will be picked out by the sun.

~ Wendell Berry
(This Day: Collected & New Sabbath Poems)

path leading to a magical pool
Tim pretending to climb a huge glacial erratic
water bubbling out from under this rock ~ a spring perhaps?
Japanese inspired water feature
THIS POOL GIVEN TO
THE CAROLINE BLACK
MEMORIAL GARDEN
BY THE NEW LONDON
HORTICULTURAL SOCIETY
1930
gate leaving pool “room”

The clearing rests in song and shade.
It is a creature made
By old light held in soil and leaf,
By human joy and grief,
By human work,
Fidelity of sight and stroke,
By rain, by water on
The parent stone.

~ Wendell Berry
(This Day: Collected & New Sabbath Poems)

prickly pear, the only cactus native to Connecticut
bee and goldenrod
another garden gate

What a natural wellspring — cooling and refreshing the years — is the gift of wonder! It removes the dryness from life and keeps our days fresh and expanding.
~ Edwin Way Teale
(Circle of the Seasons: The Journal of a Naturalist’s Year)

to stand by these shores

6.15.22 ~ great blue heron at Avery Pond

Assorted sightings from an early summer, sunny, beach walk… Enjoy!

path to the Eastern Point estuary beach
double-crested cormorants in the estuary
cultivated rose on the fence
song sparrow on sign
entrance to Eastern Point Beach
common grackle (?) with missing tail (?)
sailing way offshore
Avery Point, view across the water from Eastern Point
top of Avery Point Light seen over the hill

For some strange reason we didn’t see any gulls…


Good it is to stand by these shores
How beautiful life can seem!
Hear; what joy from birds’ throats pours,
see, how the grass verdant gleams!

Bees are humming, butterflies shimmering
lark-song pierces through the clouds,
and from bowls with nectar brimming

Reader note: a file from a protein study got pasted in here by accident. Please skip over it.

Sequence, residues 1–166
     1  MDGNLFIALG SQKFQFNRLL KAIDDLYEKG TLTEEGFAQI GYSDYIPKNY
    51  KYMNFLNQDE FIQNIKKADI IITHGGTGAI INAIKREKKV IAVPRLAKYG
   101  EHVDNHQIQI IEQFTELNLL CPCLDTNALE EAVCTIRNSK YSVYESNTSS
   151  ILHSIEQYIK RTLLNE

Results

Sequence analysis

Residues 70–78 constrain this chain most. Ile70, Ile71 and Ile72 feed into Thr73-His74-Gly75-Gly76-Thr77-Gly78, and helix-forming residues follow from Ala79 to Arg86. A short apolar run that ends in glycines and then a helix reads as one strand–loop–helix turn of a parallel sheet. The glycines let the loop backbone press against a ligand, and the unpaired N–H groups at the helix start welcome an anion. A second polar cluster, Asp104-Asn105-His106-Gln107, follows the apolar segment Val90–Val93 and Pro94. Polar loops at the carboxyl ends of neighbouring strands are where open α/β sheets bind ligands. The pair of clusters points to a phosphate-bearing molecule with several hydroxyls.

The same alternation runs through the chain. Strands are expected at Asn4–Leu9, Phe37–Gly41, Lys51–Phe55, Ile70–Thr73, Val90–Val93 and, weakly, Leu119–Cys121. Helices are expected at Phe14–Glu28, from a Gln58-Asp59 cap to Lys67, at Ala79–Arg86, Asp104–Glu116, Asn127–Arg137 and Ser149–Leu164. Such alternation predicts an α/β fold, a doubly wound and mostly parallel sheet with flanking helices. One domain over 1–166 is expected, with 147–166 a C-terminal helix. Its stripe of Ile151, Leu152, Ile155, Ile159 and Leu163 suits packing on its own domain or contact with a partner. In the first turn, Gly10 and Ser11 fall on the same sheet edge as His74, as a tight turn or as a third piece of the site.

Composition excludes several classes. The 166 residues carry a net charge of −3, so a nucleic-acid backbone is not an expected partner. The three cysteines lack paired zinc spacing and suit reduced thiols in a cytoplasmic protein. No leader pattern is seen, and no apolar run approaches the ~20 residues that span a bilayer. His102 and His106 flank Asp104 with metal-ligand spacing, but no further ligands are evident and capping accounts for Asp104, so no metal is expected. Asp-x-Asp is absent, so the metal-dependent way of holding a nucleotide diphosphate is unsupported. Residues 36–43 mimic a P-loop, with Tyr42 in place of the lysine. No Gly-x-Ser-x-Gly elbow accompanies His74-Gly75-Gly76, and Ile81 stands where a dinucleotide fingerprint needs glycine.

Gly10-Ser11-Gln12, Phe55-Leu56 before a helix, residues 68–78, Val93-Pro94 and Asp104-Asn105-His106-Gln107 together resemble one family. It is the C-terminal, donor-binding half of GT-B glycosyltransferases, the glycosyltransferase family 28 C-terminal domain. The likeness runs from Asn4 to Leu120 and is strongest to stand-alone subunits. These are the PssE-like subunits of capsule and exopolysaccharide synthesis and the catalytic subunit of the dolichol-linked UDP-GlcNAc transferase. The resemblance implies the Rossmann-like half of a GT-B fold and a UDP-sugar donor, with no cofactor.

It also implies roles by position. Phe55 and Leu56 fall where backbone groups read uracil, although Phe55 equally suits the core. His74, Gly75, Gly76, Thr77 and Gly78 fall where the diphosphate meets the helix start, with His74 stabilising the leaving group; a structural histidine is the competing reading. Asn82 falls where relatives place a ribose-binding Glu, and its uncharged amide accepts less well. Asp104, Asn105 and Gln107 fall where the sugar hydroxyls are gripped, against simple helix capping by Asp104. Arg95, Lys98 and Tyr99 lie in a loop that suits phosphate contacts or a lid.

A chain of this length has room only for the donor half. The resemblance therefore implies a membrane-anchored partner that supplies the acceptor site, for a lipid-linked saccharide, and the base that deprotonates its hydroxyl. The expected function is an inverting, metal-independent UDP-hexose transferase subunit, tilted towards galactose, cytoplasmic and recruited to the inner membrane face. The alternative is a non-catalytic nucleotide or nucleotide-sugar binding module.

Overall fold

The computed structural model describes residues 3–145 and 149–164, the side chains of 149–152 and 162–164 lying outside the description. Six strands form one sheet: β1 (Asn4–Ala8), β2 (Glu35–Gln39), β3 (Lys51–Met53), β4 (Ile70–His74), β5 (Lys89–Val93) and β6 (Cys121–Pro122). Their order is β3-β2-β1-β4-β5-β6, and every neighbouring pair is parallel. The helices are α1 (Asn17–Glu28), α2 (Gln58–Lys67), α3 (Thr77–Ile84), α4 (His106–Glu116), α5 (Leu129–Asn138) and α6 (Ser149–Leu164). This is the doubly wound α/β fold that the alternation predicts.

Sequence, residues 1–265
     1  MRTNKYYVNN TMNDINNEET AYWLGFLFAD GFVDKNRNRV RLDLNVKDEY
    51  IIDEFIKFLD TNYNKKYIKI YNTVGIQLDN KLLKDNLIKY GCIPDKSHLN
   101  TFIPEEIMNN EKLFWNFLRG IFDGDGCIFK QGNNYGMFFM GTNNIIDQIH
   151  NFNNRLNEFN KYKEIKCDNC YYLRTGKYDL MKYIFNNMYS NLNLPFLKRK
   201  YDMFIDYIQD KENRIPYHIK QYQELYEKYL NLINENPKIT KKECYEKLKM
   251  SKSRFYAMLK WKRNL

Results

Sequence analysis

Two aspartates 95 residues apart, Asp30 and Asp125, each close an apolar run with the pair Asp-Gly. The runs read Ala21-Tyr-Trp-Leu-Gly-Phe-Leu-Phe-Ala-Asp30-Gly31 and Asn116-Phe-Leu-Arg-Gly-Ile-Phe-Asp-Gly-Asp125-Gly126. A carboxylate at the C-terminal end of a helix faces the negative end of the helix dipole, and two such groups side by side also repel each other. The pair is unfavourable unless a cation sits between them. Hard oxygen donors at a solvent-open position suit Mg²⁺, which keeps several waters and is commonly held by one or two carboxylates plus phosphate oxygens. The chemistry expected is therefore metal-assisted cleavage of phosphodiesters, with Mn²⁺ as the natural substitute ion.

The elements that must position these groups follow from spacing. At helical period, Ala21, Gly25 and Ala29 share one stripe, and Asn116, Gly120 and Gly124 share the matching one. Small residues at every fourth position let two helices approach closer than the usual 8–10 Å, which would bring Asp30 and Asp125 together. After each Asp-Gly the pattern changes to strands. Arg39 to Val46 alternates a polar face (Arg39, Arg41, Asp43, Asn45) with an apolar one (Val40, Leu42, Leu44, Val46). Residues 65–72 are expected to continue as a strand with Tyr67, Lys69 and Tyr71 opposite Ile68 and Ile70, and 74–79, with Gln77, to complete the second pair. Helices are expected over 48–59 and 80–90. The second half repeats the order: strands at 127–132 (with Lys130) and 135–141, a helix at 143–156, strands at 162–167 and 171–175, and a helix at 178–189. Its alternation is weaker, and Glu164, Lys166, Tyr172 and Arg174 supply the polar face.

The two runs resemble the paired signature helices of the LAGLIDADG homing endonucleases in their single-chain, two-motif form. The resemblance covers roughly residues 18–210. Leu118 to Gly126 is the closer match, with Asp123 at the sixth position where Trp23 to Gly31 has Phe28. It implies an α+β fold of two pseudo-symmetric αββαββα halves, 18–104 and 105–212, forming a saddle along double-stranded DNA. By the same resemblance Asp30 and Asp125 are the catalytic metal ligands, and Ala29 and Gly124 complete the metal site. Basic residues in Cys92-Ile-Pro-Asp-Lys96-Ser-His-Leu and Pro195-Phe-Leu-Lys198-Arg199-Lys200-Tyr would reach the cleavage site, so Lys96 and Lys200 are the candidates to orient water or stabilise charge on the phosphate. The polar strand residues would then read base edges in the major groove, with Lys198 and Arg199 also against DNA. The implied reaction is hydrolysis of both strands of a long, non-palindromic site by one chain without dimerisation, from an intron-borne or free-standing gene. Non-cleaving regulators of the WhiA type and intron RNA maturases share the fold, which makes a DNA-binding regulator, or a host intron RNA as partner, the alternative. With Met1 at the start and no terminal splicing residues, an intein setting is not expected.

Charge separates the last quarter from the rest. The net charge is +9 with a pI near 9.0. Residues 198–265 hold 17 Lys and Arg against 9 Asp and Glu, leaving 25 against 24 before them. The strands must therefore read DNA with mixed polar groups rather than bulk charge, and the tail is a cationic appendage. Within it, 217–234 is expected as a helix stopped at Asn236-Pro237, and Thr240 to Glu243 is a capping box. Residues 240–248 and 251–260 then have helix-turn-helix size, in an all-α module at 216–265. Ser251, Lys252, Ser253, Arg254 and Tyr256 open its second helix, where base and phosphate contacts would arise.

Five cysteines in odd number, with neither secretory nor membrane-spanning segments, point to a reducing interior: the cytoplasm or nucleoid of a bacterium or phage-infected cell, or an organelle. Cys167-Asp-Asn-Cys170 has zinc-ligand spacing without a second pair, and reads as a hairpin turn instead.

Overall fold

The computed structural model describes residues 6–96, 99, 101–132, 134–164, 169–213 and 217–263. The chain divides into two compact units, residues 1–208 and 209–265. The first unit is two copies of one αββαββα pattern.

we drink our fill of summer flowers.

~ Gunnar Wennerberg
(The Magic of Fjords)


Then, two days later, in hazy conditions…

6.17.22 ~ female brown-headed cowbird near the fence
killdeer standing on one leg at Beach Pond
I couldn’t decide which killdeer picture I liked best…

Connecticut’s positivity rate dipped down to 7.6% but now it’s creeping back up again, 8.1% on Friday. Sigh…

the great spring murmur

image credit: ArtTower at pixabay

The ghostly winter silence had given way to the great spring murmur of awakening life. This murmur arose from all the land, fraught with the joy of living. … Squirrels were chattering, birds singing, and overhead honked the wild-fowl driving up from the south in cunning wedges that split the air.
~ Jack London
(The Call of the Wild)

hints of autumn

9.4.21 ~ Sheep Farm, Groton, Connecticut

Labor Day weekend with autumn weather! I didn’t think it was possible. We couldn’t resist taking a morning walk in the woods in spite of mosquito and poison ivy threats. I’ve been waiting impatiently for this kind of day all summer.

American burnweed

To include nature in our stories is to return to an older form of human awareness in which nature is not scenery, not a warehouse of natural resources, not real estate, not a possession, but a continuation of community.
~ Barry Lopez
(High Country News, September 14, 1998)

smaller bug with bee on goldenrod

As I’ve often said, I love the sunlight this time of year, in the months surrounding the equinoxes. It seems just right, not too dim nor too bright, and it immerses everything I see in a wonderful presence. Sometimes my camera even catches it the way I perceive it.

Any patch of sunlight in a wood will show you something about the sun which you could never get from reading books on astronomy. These pure and spontaneous pleasures are “patches of Godlight” in the woods of our experience.
~ C. S. Lewis
(Not a Tame Lion: The Spiritual Legacy of C. S. Lewis & The Chronicles of Narnia)